Bollywood is known for churning out thousands of movies per year. Each region in India has its ecosystem for producing films and its audience as well. The realm of Indian cinema has undergone a remarkable evolution since its inception, with animation emerging as a transformative force that has enriched storytelling, expanded visual horizons, and captivated audiences across the nation. “From its humble beginnings to its contemporary stature, the journey of animation in Indian cinema is a fascinating tale of creativity, innovation, and technological advancements”, shares Romil Ramgarhia.

The seeds of animation were sown in India as far back as the early 20th century, when pioneers like Dadasaheb Phalke, hailed as the "Father of Indian cinema," experimented with stop-motion animation techniques in their films. These initial endeavors, marked by rudimentary techniques and limited resources, laid the groundwork for what was to come. In 1957, India marked a significant milestone with the release of its inaugural color animated film, titled "The Banyan Deer."
However, it wasn't until the latter half of the 20th century that Indian animation began to take significant strides. All 90’s children vividly remember the short animation "Ek Anek Aur Ekta" (One, Many, and Unity) produced by the National Film Development Corporation (NFDC) in 1974. It showcased the potential of animation to convey messages of unity and diversity to a diverse population. This marked the first notable instance of animation being used to communicate social values to a wider audience. It was highly popular and is still remembered today.
Fast forward to the present, and the landscape of animation in Indian cinema has transformed. Romil Ramgarhia, Ex COO of BARC India says, “The utilization of animation has expanded beyond educational and short films to mainstream commercial cinema, creating a potent blend of entertainment and artistic expression.” The recent advertisement of Ayushman Khurana in a mattress ad where he is shown as a child using AI shows that the industry is experimenting with new technology and it is being well received by the audience as well.
One of the landmark moments in the evolution of Indian animation was the release of the film "Hanuman" in 2005. This movie not only demonstrated the technical prowess of Indian animators but also proved the commercial viability of animated features in the Indian market. The film's success paved the way for a slew of animated films, both mythological and original, that enchanted audiences with their visual splendor and engaging narratives.
In recent years, Indian filmmakers have integrated animation with live-action sequences, resulting in an immersive cinematic experience. Movies like "Baahubali: The Beginning" (2015) and its sequel "Baahubali: The Conclusion" (2017) employed animation to create grandiose battle sequences, contributing to the film's epic scale and international appeal.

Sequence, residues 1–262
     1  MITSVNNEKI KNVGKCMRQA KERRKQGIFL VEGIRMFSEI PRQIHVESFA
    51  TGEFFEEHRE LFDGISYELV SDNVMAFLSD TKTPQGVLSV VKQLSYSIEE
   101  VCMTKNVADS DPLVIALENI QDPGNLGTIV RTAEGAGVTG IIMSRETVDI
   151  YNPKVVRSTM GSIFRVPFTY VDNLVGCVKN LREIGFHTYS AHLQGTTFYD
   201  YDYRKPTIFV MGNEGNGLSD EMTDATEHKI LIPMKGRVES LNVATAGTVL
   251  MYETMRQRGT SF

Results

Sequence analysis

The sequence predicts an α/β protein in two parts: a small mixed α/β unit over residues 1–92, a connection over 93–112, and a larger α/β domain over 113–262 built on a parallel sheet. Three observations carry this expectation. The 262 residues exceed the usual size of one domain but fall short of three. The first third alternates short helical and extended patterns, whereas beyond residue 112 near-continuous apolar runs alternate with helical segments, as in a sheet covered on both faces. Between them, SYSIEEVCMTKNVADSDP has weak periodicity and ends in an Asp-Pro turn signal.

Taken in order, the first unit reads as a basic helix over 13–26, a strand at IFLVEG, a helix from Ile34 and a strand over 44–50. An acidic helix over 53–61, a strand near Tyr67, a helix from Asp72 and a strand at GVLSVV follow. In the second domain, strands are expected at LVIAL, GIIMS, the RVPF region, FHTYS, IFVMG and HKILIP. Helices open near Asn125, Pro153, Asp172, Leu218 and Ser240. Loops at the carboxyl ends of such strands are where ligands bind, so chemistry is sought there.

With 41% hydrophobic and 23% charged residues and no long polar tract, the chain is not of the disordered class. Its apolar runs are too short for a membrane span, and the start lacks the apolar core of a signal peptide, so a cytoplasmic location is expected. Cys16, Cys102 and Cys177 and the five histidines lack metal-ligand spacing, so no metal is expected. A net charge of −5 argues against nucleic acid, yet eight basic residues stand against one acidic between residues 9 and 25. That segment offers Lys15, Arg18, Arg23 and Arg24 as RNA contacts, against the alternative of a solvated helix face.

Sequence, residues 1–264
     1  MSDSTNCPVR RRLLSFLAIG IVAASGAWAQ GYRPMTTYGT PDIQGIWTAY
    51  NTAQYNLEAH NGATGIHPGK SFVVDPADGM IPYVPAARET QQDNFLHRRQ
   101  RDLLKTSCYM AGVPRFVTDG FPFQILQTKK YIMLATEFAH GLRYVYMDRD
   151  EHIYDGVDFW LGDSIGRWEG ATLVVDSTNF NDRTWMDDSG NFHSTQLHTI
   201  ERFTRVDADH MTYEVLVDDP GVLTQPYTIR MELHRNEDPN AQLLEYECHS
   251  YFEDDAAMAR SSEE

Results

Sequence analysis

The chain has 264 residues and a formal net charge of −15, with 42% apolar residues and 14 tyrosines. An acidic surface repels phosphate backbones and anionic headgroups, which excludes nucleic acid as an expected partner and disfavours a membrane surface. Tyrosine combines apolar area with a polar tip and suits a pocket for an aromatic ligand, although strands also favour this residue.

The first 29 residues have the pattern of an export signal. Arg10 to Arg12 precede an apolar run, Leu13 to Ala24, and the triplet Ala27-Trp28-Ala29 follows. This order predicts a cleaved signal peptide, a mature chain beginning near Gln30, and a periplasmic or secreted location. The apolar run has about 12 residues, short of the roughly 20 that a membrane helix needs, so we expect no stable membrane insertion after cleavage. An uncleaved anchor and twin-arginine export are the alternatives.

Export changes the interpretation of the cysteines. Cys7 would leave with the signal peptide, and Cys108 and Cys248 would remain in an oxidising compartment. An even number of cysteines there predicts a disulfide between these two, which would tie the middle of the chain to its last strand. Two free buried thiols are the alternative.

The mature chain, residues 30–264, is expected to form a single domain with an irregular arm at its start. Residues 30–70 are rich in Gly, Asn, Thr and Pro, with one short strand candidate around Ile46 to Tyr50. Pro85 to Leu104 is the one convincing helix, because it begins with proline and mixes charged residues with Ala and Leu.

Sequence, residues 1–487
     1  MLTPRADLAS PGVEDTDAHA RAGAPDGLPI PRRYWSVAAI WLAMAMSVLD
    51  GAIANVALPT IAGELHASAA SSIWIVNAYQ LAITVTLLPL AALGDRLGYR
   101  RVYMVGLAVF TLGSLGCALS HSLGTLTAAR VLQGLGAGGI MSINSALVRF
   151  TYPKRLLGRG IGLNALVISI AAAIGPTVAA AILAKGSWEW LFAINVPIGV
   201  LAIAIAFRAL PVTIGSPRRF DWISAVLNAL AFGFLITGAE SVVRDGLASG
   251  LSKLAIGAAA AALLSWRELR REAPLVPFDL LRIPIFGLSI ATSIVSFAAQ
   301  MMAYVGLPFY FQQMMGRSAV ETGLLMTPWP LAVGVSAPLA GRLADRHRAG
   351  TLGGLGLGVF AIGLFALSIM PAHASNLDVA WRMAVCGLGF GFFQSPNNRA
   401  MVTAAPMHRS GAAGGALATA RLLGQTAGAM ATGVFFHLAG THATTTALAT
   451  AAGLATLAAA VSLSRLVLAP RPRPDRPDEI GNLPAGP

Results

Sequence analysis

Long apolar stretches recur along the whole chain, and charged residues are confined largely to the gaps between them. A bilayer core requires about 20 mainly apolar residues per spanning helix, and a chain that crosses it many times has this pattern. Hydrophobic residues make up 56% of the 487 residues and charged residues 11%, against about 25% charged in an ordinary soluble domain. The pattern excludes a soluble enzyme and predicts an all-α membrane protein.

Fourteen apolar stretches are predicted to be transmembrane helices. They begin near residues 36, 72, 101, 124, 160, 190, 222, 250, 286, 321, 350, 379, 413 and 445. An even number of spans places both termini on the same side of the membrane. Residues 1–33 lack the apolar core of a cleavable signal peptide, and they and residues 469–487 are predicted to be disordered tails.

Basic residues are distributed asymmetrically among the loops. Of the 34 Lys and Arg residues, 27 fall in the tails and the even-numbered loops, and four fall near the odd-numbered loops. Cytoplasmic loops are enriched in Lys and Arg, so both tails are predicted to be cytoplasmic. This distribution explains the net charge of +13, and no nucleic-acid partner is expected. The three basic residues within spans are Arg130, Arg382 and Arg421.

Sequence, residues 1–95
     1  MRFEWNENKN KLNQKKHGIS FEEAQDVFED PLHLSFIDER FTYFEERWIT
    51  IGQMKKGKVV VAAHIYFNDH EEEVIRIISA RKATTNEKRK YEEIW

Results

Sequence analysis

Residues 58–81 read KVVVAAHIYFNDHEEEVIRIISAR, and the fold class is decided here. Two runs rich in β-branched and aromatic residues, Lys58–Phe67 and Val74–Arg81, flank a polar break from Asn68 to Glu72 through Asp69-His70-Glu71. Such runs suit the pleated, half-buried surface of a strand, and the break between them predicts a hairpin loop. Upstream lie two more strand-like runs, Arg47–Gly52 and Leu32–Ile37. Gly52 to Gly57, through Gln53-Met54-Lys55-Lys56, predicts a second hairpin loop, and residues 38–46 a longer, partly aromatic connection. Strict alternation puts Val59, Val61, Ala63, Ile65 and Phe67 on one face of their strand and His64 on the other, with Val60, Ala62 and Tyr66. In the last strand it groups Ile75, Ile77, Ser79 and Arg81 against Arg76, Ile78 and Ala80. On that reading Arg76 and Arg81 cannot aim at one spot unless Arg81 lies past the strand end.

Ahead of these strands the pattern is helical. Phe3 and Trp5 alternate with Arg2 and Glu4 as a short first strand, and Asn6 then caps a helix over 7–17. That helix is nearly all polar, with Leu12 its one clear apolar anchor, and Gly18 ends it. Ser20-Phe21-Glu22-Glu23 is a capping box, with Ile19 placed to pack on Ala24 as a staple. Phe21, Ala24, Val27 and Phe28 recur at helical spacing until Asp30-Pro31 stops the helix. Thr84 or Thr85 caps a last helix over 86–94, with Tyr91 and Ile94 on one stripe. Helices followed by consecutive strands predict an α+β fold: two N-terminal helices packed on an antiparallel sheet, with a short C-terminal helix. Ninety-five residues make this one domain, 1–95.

However, after some promising releases, the animation industry has not been able to make a mark globally. The most recent case was the much-anticipated film "Adipurush" which received flack for its novice animation prowess. While the movie garnered attention for its retelling of the epic Ramayana, it also brought to light the challenges that Indian filmmakers face in creating high-quality animated content. The film's promotional material showcased an ambitious visual style that aimed to blend live-action with animation, promising a unique and visually captivating experience. However, as the project progressed, it became evident that the execution of the animation fell short of expectations, with critics and audiences expressing disappointment over the lack of seamless integration between the live-action and animated elements. 

 “Even though there have been great strides in animation if compared to Disney, Pixar, etc. we are still far behind. With no dearth of talent and resources, we should be able to give tough competition to the west but a lot needs to be done. I hope that the next Pixar comes from India with continued push from the industry and the government.” shares Romil Ramgarhia 

Such instances reiterate the hurdles that Indian cinema encounters when attempting to produce sophisticated animation on a grand scale, emphasizing the need for further investment, technological advancement, and skill development in the field of animation to match the global standards achieved by other film industries.

Nevertheless, the journey of animation in Indian cinema has been marked by a relentless pursuit of excellence and innovation. From its modest beginnings as experimental techniques to its present-day position as a cornerstone of cinematic storytelling, animation has proven its ability to enhance narratives, mesmerize audiences, and contribute to the vibrant tapestry of Indian cinema. As technology continues to advance, the future holds even greater potential for Indian animation to reach new heights and leave an indelible mark on the global cinematic stage.
Disclaimer: This is a featured content